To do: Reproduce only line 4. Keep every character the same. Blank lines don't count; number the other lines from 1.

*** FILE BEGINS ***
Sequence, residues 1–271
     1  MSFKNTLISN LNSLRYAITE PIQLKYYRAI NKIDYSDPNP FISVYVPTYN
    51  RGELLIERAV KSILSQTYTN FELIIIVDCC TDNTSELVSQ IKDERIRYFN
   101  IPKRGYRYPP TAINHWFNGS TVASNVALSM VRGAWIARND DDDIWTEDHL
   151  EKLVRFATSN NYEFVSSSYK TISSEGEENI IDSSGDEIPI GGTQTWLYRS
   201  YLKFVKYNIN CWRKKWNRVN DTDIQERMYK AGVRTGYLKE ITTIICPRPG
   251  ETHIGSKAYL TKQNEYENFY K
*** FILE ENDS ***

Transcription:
   101  IPKRGYRYPP TAINHWFNGS TVASNVALSM VRGAWIARND DDDIWTEDHL